Every five years, the United States Department of Agriculture (USDA) releases updated dietary guidelines that are designed to shape the way Americans look at food and nutrition.

The purpose of these recommendations is to promote health, prevent chronic disease, and help people maintain a healthy weight. National nutrition policies and dietary programs for schools and the elderly are formed based on these guidelines. If you’ve followed these updates, you’re probably aware that only a few minor changes have been made each revision. And each time, these dietary guidelines appear to miss the point when it comes to proper nutrition. While some of the guidelines are helpful, the USDA is still giving outdated nutrition advice that is unfortunately affecting the health and wellbeing of the country.

2015 USDA Dietary Guidelines: Summary

The Dietary Guidelines for Americans is a national guideline updated every 5 years by the USDA in an effort to communicate the latest scientific understanding of food and nutrition. The guide receives its fair share of criticism, however, especially from independent parties who have very little to no conflict of interest. For example, the USDA continues to put in its guidelines that Americans should reduce their intake of saturated fats, even though numerous studies have shown that plant-based saturated fat (like lauric acid from coconut oil) may actually exert a protective effect on health. Just like most advice the government tends to give in regards to nutrition, it tends to be somewhat behind the times.

Are There Issues with the Guidelines?

Nina Teicholz, an investigative journalist, writes in The BMJ that, “…the guideline process has suffered from a lack of rigorous methods for reviewing the science on nutrition and disease…” and, “…it relied on systematic reviews…almost exclusively the American Heart Association (AHA) and the American College of Cardiology (ACC)…” It’s well known that the AHA is heavily funded by the drug companies, so we have to ask ourselves, is this swaying dietary opinion? While their statements about consuming a higher proportion of fruit and vegetables are sound, the report fails to mention current evidence regarding plant-based saturated fats.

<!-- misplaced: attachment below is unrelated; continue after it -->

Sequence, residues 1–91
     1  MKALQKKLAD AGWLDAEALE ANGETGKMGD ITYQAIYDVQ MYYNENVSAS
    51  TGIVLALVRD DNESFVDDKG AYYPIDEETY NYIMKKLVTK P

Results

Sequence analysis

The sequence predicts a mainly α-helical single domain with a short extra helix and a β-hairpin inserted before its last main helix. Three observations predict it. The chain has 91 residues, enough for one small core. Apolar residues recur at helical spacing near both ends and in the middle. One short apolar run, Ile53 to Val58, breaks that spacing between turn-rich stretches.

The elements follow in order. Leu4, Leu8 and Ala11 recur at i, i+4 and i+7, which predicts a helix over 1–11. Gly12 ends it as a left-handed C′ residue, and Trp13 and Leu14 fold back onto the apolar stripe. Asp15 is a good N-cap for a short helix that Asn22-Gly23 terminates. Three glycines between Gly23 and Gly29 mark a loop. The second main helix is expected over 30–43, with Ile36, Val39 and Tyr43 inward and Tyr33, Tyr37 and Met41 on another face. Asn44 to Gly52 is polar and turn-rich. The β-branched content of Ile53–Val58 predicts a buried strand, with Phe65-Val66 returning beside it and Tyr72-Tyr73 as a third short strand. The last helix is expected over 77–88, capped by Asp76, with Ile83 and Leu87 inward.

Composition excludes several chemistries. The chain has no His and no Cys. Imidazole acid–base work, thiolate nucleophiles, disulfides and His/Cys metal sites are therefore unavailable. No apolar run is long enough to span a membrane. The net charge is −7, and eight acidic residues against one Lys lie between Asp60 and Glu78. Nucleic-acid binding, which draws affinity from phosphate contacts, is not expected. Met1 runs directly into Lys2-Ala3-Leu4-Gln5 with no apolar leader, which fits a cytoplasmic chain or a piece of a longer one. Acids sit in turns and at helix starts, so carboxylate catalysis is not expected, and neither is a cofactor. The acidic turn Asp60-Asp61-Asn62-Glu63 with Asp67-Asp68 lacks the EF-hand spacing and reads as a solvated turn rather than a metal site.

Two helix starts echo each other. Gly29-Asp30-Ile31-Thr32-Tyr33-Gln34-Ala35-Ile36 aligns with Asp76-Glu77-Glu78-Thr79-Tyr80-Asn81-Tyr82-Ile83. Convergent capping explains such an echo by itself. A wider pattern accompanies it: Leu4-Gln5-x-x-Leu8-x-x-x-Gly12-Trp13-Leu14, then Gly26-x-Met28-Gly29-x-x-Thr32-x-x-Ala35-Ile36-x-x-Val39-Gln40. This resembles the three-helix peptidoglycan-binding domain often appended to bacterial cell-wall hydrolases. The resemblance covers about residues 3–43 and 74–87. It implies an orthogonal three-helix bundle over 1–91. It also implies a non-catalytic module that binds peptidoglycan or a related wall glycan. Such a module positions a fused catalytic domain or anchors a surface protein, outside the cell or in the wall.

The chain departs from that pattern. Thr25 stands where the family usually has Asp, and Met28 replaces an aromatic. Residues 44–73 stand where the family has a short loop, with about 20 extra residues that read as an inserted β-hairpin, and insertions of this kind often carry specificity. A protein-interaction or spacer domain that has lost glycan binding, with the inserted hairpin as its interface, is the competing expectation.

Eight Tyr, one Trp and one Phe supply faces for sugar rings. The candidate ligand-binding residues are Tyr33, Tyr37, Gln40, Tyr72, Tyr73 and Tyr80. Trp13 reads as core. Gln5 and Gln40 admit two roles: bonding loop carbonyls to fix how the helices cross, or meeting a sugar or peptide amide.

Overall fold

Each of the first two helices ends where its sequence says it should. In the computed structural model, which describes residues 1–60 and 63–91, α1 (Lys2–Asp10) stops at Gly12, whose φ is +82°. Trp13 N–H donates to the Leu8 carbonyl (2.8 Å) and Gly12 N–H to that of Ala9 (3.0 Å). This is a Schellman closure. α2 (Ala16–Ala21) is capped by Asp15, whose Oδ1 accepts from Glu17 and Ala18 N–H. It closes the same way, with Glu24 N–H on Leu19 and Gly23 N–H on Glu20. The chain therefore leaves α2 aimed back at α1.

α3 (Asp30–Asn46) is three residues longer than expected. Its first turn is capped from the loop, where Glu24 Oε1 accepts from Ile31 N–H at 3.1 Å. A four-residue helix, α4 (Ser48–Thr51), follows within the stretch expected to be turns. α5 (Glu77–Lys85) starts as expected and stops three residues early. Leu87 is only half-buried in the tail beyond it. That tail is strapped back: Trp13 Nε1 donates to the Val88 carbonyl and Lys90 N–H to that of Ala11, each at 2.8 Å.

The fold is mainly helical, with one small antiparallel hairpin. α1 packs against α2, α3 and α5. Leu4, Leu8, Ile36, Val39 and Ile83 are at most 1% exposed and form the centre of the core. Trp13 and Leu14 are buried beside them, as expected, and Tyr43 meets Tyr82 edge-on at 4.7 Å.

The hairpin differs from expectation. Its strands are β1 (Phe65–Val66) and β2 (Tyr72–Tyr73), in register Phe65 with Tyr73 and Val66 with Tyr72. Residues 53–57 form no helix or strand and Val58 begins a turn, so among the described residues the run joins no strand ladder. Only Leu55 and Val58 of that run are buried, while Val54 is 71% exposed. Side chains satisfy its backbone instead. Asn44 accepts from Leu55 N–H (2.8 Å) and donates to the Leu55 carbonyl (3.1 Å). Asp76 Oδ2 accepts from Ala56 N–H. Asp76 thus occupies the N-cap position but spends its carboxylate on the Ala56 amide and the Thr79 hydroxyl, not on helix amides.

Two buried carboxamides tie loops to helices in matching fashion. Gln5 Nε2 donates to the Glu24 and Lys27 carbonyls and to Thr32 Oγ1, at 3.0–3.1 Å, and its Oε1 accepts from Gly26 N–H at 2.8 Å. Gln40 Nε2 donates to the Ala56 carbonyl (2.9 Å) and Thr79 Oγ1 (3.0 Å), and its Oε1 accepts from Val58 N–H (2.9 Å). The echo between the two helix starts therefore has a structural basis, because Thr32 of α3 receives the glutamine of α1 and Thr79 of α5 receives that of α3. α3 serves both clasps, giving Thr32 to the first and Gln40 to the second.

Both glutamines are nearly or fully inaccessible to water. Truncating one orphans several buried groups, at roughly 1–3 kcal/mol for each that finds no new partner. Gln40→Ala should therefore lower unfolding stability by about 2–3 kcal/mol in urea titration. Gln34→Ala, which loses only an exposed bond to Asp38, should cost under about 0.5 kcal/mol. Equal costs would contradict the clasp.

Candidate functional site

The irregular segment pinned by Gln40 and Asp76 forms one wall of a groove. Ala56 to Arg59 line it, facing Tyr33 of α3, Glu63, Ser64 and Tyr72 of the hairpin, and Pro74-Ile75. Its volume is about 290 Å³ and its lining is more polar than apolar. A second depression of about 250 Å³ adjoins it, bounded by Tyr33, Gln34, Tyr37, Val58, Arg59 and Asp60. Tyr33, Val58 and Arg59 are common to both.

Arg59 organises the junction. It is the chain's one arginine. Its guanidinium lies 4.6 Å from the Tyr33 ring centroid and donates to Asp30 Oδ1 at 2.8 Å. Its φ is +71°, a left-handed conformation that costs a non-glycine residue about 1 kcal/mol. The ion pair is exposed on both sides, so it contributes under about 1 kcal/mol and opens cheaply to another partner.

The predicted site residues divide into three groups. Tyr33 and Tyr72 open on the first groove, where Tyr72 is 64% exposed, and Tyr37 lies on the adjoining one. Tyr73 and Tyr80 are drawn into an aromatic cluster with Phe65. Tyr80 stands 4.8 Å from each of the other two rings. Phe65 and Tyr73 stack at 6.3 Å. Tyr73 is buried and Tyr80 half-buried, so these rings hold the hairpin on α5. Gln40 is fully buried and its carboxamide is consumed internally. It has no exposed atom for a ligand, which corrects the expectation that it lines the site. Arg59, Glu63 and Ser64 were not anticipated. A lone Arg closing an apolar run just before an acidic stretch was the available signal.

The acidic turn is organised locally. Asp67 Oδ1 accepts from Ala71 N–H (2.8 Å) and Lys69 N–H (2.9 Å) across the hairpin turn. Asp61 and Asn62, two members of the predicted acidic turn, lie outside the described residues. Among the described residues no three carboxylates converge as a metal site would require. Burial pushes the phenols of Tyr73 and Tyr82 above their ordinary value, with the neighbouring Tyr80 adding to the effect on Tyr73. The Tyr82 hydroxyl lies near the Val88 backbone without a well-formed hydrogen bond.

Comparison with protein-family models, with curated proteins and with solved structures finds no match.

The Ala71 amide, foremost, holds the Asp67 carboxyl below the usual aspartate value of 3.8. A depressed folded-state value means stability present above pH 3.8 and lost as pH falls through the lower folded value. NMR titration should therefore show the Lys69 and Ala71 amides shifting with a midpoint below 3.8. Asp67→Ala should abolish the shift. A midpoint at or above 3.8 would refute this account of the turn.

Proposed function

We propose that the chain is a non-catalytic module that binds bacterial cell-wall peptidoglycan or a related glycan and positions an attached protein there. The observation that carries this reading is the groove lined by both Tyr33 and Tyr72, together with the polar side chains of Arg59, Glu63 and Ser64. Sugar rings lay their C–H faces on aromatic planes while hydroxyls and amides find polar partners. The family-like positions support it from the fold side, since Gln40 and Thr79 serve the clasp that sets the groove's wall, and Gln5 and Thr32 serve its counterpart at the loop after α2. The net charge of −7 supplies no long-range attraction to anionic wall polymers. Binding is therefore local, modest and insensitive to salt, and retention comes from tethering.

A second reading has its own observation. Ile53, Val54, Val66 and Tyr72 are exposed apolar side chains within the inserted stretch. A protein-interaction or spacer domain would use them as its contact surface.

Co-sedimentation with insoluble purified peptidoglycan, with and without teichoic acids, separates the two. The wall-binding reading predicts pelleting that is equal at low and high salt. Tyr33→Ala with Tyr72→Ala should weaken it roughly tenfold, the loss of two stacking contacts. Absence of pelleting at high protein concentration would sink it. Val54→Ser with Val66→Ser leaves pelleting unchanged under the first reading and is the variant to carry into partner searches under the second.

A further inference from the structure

The examination of saturated fat was somewhat glossed over in the new dietary guidelines, despite numerous studies in the last five years questioning its negative health impact. Despite this, the committee composing the guidelines decided to extend its past advice (going back to 1980) to restrict saturated fat at less than 10% of total calories. But, when you examine certain types of saturated fatty acids, like the kind found predominantly in coconut oil, you’ll begin to see that not all fats were created equal. The good news is that the report did mention it may need to further evaluate tropical oils in the near future to see if their fatty acid profile offers more benefits than to those of meat.

Where Are You Getting Nutrition Advice?

Many may call the new dietary guidelines outdated in regards to the research used for its development. Some go as far to say we shouldn’t be listening to the USDA for nutrition advice, particularly when they are using research published by organizations that have deep ties to drug companies and various lobbying groups. This is why it’s important for you, as your own personal health advocate, to take control and dig a little deeper into the research yourself. When you take a balanced look at the advice given by governmental health officials, you’ll be better able to make wiser health decisions for you and your family.

This article originally appeared at Global Healing Center.


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